By Adam Hopkins, marketing administrator at Perkins Coie LLP
2020 has proven to be a very… interesting year.
In addition to the COVID-19 pandemic, social unrest and economic weariness, I also will remember this year for transitioning to my current role and firm. To say that I’m thankful for this new opportunity is an understatement. I’m thankful not only because of how my new firm, and my new colleagues, have welcomed me into the fold. I’m also thankful because it presented an opportunity for me to grow as a legal marketer, and a chance to stretch my potential further than it ever had been stretched before this year.
My supervisor, along with the rest of the marketing team, truly went out of their way to acclimate me to my new firm. Knowing that it was a new job altogether, but taking into consideration that I’d be working remotely, they offered a lot of grace and patience while I onboarded. They made sure I met with all the key players on the marketing team, understood all the breakdown of the overall marketing department (events, communications, business development, etc.). My supervisor also introduced me to the practice chairs and other key partners in the practices I’d be serving. In short, my new colleagues set me up for success.
But to be successful, I also had to give in order to get. My supervisor and other marketing staff provided me with plenty of tools, but I had to be willing and able to use them. So how have I used those tools in such a unique work situation? More to the point, how have I acclimated myself in this unique work situation? And how could someone else acclimate themselves? Here are some easy steps that anyone can use to set themselves up for success:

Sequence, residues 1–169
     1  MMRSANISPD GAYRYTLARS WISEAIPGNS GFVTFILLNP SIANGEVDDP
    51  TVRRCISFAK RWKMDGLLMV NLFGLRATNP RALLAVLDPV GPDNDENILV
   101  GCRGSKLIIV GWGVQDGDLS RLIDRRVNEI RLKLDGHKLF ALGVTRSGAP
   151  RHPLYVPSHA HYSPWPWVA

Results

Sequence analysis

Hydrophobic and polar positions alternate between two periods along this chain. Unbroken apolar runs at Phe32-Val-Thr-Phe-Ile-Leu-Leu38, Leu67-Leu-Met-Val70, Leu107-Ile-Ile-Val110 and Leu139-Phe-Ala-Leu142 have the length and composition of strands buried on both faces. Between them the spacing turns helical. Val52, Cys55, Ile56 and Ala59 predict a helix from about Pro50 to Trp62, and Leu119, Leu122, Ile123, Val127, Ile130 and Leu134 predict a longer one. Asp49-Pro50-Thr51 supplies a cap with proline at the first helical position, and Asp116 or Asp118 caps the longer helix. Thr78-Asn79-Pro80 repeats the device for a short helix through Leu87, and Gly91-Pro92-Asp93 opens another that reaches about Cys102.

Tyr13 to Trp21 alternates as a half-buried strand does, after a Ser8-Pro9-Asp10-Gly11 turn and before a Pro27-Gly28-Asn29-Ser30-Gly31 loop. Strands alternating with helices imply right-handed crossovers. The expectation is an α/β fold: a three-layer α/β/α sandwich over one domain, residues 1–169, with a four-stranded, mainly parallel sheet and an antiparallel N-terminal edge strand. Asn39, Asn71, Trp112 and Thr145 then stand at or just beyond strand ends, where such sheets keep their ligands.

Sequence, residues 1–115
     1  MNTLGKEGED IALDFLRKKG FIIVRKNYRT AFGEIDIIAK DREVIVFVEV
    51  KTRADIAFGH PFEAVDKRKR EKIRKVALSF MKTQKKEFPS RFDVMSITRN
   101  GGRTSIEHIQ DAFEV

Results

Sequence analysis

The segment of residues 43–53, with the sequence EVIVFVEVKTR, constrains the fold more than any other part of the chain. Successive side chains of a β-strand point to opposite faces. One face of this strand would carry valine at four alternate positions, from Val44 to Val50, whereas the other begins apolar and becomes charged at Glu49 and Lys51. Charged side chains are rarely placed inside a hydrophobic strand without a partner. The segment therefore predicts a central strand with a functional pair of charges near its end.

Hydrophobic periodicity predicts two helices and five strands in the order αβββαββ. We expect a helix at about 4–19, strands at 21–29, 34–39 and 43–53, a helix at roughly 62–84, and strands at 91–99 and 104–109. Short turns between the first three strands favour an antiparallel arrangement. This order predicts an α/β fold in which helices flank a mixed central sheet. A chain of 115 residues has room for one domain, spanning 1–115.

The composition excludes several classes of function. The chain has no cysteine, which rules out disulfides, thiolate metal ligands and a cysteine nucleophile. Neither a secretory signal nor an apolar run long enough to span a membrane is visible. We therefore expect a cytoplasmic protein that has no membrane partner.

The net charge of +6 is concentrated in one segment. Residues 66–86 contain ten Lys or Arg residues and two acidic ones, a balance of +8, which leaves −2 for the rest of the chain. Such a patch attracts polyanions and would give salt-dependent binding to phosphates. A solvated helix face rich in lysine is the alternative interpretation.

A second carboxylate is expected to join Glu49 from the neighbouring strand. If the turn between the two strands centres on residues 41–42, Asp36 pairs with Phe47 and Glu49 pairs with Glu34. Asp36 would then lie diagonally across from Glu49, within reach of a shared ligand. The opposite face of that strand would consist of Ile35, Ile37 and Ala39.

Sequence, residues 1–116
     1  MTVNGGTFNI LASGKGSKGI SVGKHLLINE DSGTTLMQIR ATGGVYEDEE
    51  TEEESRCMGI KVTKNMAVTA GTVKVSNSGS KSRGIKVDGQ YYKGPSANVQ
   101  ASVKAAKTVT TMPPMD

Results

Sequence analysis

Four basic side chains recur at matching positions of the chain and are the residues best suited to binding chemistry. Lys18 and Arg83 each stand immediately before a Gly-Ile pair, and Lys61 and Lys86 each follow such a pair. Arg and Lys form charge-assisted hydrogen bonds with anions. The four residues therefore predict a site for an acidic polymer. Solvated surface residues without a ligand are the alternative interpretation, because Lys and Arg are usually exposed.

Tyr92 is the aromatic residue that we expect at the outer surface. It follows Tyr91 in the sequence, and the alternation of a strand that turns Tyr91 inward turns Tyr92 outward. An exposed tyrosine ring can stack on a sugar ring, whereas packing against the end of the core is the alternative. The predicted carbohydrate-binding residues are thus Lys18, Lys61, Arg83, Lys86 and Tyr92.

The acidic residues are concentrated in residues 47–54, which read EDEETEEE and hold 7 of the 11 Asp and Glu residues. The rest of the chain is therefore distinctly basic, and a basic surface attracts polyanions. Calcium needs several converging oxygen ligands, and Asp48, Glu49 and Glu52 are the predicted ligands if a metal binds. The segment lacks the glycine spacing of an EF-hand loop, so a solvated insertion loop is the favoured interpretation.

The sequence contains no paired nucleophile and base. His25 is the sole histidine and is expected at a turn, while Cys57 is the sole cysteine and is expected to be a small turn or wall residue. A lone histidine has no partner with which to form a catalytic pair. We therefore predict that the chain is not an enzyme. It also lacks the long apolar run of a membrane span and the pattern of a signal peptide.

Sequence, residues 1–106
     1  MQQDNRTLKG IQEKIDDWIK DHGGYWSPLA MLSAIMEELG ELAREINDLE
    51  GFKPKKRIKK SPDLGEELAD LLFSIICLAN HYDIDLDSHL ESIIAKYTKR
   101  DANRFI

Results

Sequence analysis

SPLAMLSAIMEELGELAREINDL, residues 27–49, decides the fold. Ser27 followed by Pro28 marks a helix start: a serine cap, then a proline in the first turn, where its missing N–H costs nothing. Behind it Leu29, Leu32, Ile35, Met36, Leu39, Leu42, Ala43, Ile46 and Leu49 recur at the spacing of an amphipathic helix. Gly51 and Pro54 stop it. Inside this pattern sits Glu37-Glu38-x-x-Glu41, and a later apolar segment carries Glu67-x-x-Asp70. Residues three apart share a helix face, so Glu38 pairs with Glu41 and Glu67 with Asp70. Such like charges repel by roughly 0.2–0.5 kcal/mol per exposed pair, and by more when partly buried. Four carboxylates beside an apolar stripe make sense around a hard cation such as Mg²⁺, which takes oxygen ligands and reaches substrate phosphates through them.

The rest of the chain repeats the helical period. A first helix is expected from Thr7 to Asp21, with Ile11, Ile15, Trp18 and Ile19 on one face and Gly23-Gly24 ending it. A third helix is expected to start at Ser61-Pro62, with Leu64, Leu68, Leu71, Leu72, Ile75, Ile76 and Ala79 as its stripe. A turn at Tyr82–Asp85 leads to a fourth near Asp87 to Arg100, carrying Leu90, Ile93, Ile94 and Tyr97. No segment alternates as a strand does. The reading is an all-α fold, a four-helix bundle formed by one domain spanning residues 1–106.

Connect with your manager before your first day. Developing a rapport with your soon-to-be supervisor is crucial in any work environment, but it becomes mission critical when you, they, and everyone else are working remotely. A good way to develop this rapport is to ask your manager questions – any question you can think of, but especially those pertaining to your marketing team, overall processes, best practices, etc. Ask if there are any marketing materials you could review before your first day. Remember – no question is too small.
When connecting with your new manager, a good question to keep in mind is one that may have come up during your interview process: What should I be learning and/or contributing within my first month? (Likewise, ask the same question about your first three months and six months.) This will show your manager that you’re truly interested in being there for the long-term, and that you want to be successful. It shows you’re truly interested in being a contributor and that you want to add to the marketing department’s achievements.
These are questions to keep in mind every day after you officially start – it’s a good way to hold yourself accountable. Your manager will appreciate that, and it also shows you’re teachable.